Subst Use Misuse. 2021 Apr 6:1-4. doi: 10.1080/10826084.2021.1906277. Online ahead of print.
The prevalence of cannabis use has increased among U.S. pregnant women. Given this increase, and rapidly changing cannabis policies, it may be important to harness digital data sources to help capture trends and perceptions of cannabis use during pregnancy and postpartum. The objective of this study was to examine cannabis and pregnancy-related posts on Twitter over a 12-month period. Methods: Twitter posts from December 1, 2019 to December 1, 2020 that contained pregnancy and cannabis-related keywords were collected in this study (n = 17,238). A sample of 1,000 posts proportionally sampled by week and cannabis/pregnancy-related terms were selected for coding. Posts were classified by one or more of the following themes: 1) Safety during pregnancy i.e. mentions the safety of cannabis use during pregnancy, 2) Safety postpartum i.e. mentions the safety of cannabis use postpartum, and 3) Use for pregnancy-related symptoms i.e. mentions use of cannabis to help with morning sickness, nausea, vomiting, headaches, pain, stress, and fatigue. Results: Safety during pregnancy occurred in 36.00% of the posts and 2.30% posts asked about safety during postpartum. Use of cannabis for pregnancy-related symptoms occurred in 2.70% of posts. Discussion: Findings show that conversations about the risks and benefits of cannabis use during pregnancy and postpartum take place on Twitter. These findings suggests that health practitioners should discuss the risks of cannabis use (including CBD) during pregnancy and breastfeeding with their patients. Health communication planners may need to find ways to communicate risks with the public to prevent the spread of misinformation.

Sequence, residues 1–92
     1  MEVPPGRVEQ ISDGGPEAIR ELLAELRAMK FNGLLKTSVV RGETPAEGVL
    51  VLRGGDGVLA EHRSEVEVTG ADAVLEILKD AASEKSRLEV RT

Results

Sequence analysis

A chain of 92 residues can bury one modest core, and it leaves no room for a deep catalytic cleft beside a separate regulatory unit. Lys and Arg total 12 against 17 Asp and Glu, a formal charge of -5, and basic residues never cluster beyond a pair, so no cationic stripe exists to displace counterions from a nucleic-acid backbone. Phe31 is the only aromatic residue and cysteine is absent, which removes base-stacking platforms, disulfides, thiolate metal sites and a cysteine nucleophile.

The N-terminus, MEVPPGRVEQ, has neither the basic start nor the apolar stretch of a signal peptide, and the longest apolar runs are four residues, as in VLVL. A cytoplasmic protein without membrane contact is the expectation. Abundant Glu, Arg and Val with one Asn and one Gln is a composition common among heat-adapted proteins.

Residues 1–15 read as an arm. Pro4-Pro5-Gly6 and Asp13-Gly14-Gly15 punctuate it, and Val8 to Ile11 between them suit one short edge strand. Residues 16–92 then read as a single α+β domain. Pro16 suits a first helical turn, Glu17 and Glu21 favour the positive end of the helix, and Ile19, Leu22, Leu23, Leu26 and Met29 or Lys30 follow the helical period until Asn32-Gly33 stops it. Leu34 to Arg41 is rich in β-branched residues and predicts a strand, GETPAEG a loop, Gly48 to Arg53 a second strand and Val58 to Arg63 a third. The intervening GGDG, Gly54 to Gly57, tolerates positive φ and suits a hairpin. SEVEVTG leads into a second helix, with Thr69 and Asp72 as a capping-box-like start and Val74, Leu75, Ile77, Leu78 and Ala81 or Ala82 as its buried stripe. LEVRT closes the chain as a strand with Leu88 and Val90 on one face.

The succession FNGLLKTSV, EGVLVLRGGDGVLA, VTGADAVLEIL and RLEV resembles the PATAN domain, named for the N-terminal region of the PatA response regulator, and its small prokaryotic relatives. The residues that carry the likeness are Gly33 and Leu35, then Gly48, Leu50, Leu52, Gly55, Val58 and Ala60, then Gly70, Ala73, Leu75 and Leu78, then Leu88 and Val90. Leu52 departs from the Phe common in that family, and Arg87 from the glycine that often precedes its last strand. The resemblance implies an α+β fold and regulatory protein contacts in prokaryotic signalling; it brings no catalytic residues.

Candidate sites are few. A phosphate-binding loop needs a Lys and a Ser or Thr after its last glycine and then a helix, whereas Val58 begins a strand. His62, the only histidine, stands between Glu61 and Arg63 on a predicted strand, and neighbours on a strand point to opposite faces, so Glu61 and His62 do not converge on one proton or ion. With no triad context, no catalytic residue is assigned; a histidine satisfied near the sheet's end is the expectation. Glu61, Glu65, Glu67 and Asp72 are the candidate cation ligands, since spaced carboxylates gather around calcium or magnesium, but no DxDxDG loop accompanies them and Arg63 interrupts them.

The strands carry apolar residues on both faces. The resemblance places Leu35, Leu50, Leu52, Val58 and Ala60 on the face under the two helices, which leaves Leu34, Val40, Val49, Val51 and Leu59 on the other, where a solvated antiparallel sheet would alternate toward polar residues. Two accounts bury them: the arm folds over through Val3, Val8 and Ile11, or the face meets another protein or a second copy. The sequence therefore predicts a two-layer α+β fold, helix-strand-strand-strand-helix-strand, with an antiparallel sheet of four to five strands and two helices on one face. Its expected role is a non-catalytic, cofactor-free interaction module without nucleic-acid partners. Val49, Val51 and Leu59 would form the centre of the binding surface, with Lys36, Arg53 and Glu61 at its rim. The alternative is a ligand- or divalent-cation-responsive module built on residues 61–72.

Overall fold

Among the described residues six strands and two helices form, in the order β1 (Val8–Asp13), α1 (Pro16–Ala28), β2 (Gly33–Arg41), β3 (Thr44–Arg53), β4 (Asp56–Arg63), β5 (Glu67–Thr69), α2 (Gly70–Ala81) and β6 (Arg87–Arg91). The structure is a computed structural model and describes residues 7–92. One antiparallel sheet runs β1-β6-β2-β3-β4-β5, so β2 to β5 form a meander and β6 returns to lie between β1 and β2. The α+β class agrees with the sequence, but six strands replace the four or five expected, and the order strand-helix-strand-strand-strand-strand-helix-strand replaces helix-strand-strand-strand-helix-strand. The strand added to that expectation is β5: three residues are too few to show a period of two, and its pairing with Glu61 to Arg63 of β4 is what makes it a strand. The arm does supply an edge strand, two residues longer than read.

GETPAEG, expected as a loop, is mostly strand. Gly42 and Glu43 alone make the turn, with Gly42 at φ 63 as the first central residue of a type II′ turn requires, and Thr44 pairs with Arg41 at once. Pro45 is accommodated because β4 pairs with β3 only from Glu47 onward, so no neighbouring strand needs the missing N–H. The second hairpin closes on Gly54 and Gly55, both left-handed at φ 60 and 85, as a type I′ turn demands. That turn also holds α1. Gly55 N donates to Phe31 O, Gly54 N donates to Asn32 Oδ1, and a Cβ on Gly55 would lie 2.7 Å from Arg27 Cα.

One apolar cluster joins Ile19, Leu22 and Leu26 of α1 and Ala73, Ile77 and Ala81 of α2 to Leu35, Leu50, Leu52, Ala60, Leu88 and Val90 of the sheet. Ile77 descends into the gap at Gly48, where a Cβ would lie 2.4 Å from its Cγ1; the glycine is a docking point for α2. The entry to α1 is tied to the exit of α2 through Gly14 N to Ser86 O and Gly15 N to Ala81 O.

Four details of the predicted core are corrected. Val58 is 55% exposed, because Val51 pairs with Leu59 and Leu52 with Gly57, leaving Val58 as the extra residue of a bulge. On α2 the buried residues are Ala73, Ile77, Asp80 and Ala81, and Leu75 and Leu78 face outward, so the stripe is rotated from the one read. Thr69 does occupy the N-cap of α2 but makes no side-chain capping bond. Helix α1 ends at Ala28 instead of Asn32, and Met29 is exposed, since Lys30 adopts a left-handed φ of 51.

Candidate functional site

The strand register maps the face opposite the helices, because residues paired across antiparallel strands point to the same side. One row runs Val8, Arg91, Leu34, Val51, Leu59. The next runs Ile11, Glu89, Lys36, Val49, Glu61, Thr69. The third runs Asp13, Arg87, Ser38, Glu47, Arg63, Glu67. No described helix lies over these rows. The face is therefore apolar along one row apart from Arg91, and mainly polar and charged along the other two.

Source: ncbi 2